Making acquaintance with public management – the new friend of humanitarian operations and crisis management?
Humanitarian logistics, humanitarian operations management, humanitarian supply chain management – these are not only topics that the HUMLOG Institute are working with, but also themes that are becoming more and more popular at various conferences. I have myself attended several conferences and have had the joy to sit in at many presentations serving the most recent finding from research projects around the globe. However, many of these conferences are focused on operations management and supply chain management, which I realise can give a skewed picture about how relevant or popular humanitarian issues seem to be in academia. I am working in the HUMLOG project on Cascading innovation upstream the supply chain (CAIUS), in which we study public procurement for innovation and emergencies in Finland, and decided to go to a public management conference - the Annual Conference of the International Research Society of Public Management (IRSPM) in Hong Kong in April this year – to see what’s going on in that field. In this blog post, I elaborate on the discussions going on there, and compare them to the Annual Conference of the Production and Operations Management Society (POMS), which took place in the beginning of May.
First of all, I noticed that the healthcare area has earned a special place in public management, just as it has in operations management – both societies have established special interest groups or colleges around this area. Secondly, purchasing or procurement have panels or tracks in both conferences, and being involved in the CAIUS project these presentations were of interest to me. Turning to the Humanitarian area though the difference between the conferences are much larger: at POMS the Humanitarian Crisis and Operations Management track was, for what I recall, the second largest among the college tracks this year, while the Humanitarian sector did not have any panel area of its own at the IRSPM conference. However, the ”Sectoral challenges”-area included several panels that could be argued to invite presentations related to humanitarian logistics and supply chain management, for example ”Emergency Services Management: The Case for Bridging the Theory-Practice Divide”. There were in addition a couple of panels related to decease outbreak management, but they were cancelled.
To get a better overview of the content of these two conferences, I ran a word frequency query on the schedules in the analysis software NVivo and got the following results (although they are skewed due to the fact that the POMS program contained short abstracts in addition to the headlines of the presentations, and some words do not come from the content of the presentations but from the layout of the schedules):
These results give some hints about the popularity of certain topics or concepts in the conferences, and it is interesting to see that there are some commonalities, such as ‘China’, ‘performance’ and ‘service’. There are also some expected differences, such as focus on ‘public’ and ‘governance’ in IRSPM, and ‘operations’ and ‘supply’ in POMS. Since humanitarian doesn’t show up in the top for either conference, I looked further into the frequency of words used in the program, and identified the following frequencies of mentioning of relevant words:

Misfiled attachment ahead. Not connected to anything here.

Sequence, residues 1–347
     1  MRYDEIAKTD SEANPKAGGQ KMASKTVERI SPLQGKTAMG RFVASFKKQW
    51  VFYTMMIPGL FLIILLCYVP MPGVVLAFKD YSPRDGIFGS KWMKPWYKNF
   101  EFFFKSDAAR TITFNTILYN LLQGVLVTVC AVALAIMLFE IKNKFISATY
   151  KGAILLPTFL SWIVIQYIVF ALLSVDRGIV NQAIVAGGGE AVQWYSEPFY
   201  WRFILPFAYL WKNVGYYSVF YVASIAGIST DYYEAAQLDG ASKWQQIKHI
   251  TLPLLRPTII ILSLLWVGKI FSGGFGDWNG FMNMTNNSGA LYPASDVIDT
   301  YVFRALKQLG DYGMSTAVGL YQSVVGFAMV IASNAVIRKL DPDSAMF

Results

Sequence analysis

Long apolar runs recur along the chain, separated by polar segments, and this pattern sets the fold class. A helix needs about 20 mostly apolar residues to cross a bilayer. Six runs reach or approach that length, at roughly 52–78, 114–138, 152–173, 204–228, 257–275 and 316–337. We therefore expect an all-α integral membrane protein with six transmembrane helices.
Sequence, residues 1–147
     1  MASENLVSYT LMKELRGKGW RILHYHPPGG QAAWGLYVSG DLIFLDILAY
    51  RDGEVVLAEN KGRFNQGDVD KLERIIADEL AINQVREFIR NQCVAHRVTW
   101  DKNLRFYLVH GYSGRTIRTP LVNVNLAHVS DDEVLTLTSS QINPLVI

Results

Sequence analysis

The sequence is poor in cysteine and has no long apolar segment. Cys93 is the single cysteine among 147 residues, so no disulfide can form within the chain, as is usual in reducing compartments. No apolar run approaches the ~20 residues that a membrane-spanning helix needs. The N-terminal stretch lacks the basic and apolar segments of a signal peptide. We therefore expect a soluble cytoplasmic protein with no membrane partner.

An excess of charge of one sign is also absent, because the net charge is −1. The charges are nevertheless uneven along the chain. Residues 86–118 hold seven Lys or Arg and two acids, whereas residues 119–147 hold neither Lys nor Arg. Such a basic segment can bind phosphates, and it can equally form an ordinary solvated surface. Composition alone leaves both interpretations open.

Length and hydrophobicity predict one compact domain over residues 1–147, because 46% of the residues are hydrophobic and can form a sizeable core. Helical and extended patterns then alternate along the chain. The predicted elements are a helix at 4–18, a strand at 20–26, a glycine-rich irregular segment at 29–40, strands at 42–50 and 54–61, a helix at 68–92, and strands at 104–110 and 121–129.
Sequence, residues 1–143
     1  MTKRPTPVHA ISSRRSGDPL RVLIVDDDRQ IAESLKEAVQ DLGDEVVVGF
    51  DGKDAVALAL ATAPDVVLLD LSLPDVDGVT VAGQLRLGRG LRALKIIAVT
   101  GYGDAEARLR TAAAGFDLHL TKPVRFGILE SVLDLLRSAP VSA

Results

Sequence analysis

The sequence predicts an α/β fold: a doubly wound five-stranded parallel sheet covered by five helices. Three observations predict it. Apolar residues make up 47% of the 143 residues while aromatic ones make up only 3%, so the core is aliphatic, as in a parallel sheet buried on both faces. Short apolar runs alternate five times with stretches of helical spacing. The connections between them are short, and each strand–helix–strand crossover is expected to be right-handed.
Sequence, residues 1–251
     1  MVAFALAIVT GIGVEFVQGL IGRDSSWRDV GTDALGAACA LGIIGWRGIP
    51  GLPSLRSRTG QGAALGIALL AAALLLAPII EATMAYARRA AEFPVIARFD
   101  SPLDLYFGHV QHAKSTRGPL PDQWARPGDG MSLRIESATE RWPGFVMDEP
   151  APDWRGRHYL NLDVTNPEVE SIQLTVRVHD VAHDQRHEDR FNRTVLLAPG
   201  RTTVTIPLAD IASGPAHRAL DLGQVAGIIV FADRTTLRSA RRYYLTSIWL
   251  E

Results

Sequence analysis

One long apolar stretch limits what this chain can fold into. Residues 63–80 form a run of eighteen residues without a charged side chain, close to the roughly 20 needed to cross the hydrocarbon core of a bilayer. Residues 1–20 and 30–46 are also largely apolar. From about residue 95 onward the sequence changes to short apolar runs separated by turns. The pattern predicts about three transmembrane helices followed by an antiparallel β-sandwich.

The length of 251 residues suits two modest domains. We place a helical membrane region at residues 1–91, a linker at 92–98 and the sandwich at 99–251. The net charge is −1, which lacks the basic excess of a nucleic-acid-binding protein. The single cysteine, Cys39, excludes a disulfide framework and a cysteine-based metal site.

My conclusions from this are that the public management discipline does not seem to pay much attention to the humanitarian area and disaster management, at least not compared to the Production and Operations Management society, which in turn seems to be more interested in private or humanitarian organizations (‘public’ is mentioned ‘only’ 51 times in the POMS program). This is interesting, and maybe worrying, considering that public organisations might want to ensure their ability to operate and fulfil their mandates to the people also in crises and emergency situations.
Whatever interpretations these numbers can entail, they do not necessarily tell the whole story of the content. I attended a few presentations at the IRSPM conference where the presenters talked about crisis management and found them really interesting. George Carayannopoulos and Allan McConnell from the University of Sydney had written a paper with the title ‘Bringing Lessons from Crisis Management into the Realm of Wicked Problems’ in which they discuss whether governments can learn about the management of wicked problems from crisis management. Gregg van Ryzin, Norma Riccucci and Huafang Li from Rutgers University-Newark presented their work ‘Gender representation and the coproduction of emergency preparedness: An experimental study and replication’. They had made an experiment survey describing different scenarios in which respondents’ willingness to donate or participate as volunteers depending on the race and gender of the person approaching them was measured. In addition to these two examples, there were also a few other presentations that I was unable to attend, so I won’t go into detail about those.
What do we learn from this? My main conclusion is that there is room for interdisciplinary work, or at least for bridging the gap between the disciplines regarding how humanitarian and crisis management is studied in the areas. Especially, there is room to explore crisis and emergency management in the public, and for example how the public operate together with humanitarian organisations, from both operations, supply chain and public management perspectives. Although my intention is not to be self-righteous, I think the CAIUS project is a good step in this direction, and I hope to see more initiatives of this kind in the future.